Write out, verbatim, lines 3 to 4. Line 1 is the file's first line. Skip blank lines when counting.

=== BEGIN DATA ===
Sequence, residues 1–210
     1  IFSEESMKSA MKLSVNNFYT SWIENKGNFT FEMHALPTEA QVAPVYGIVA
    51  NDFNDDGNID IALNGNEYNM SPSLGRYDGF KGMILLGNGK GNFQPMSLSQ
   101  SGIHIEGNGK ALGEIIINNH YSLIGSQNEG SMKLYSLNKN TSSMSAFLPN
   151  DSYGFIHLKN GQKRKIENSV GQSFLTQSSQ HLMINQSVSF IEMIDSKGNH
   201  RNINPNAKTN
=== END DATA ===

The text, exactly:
    51  NDFNDDGNID IALNGNEYNM SPSLGRYDGF KGMILLGNGK GNFQPMSLSQ
   101  SGIHIEGNGK ALGEIIINNH YSLIGSQNEG SMKLYSLNKN TSSMSAFLPN